The180·The 180

What the destruction of antiquities in Mali teaches us about 'offensive' public art in Canada

An Islamic radical in Mali was recently convicted for destroying ancient architecture that he viewed as an affront to Islam. Toronto writer Russell Smith says the story holds a lesson about tolerance: that even art that offends contemporary sensibilities must be preserved.
Men work alongside a historic mud mosque in Timbuktu, Mali, in this May 2012 file photo. Locals vowed to retaliate after Islamist fighters desecrated historic shrines. (Associated Press)

They were historic shrines dating back hundreds of years, and revered in the Islamic faith. 

But in 2012, Timbuktu and its famed mausoleums and the Sidi Yahia mosque were attacked by jihadists, after the UNESCO world heritage site was condemned as idolatrous. 

Predictably, this sparked outrage in the West, and the case — the first of cultural destruction in the International Criminal Court  — prompted a global mourning of the loss of these of historical monuments.

We see them completely as the other and we seem them as completely fanatic and crazed and we don't see that their sense of indignation and hurt that their religion is being insulted…. We just think that is completely foreign and alien, but their indignation is like our indignation.- Russell Smith

Russell Smith thinks that even offensive historic art has a value. (Russell Smith)

Russell Smith argues that outrage is hypocritical because North Americans are guilty of a cultural cleansing of our own. 

And his list of examples is extensive. 

There's the ongoing controversy at Yale University. Calgary's Langevin Bridge, named after one of the founders of the residential school system, has been the topic of debate. And in Halifax, there's been a call to remove the statue of the city's founder Edward Cornwallis, who infamously called for the scalping of Mi'kmaq.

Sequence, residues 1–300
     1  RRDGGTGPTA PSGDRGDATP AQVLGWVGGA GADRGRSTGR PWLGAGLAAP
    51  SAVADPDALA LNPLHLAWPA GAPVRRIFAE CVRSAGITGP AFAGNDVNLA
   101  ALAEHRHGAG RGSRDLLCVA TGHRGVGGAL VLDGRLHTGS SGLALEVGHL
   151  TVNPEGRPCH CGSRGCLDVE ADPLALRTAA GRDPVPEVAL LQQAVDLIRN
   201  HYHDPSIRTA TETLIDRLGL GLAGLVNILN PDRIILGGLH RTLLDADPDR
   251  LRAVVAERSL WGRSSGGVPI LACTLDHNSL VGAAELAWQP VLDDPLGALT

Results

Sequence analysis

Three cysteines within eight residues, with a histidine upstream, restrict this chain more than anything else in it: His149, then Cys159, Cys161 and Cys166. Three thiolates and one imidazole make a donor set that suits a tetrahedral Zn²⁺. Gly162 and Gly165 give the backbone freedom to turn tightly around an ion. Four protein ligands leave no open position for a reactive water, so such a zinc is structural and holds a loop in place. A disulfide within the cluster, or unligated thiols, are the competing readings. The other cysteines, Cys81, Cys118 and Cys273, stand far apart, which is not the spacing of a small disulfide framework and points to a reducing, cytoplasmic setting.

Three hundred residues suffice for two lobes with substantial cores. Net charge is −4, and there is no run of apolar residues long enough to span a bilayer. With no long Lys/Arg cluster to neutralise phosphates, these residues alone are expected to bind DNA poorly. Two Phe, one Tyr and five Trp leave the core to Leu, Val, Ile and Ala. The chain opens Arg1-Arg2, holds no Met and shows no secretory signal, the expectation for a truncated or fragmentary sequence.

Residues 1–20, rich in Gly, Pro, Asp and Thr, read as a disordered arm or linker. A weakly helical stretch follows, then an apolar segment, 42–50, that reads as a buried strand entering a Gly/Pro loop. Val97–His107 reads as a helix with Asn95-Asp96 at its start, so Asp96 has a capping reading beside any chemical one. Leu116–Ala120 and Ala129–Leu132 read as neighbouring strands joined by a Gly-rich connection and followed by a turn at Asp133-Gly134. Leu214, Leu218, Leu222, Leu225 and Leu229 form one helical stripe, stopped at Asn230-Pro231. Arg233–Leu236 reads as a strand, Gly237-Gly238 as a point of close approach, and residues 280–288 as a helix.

Halifax's statue of Edward Cornwallis has been the target of vandals. (Paul Poirier/CBC )

"I don't know if you want to eliminate all traces of Halifax's colonialist past. It is a colonial centre. That is the past. It happened, one can't avoid it. So there's an argument to be made for leaving the statue where it is."

Smith, a novelist and a columnist for the Globe and Mail, says we should think critically about both the motivations of fundamentalists who destroy antiquities and the motivations of those offended by historical monuments like statues of Cornwallis. 

He says the rationale is the same: both are deemed offensive. 

"We see them completely as the other and we seem them as completely fanatic and crazed and we don't see that their sense of indignation and hurt that their religion is being insulted…. We just think that is completely foreign and alien, but their indignation is like our indignation."

Listen to the full interview by clicking the play button above.

Comments

To encourage thoughtful and respectful conversations, first and last names will appear with each submission to CBC/Radio-Canada's online communities (except in children and youth-oriented communities). Pseudonyms will no longer be permitted.

By submitting a comment, you accept that CBC has the right to reproduce and publish that comment in whole or in part, in any manner CBC chooses. Please note that CBC does not endorse the opinions expressed in comments. Comments on this story are moderated according to our Submission Guidelines. Comments are welcome while open. We reserve the right to close comments at any time.

Become a CBC Member

Join the conversation  Create account

Already have an account?

now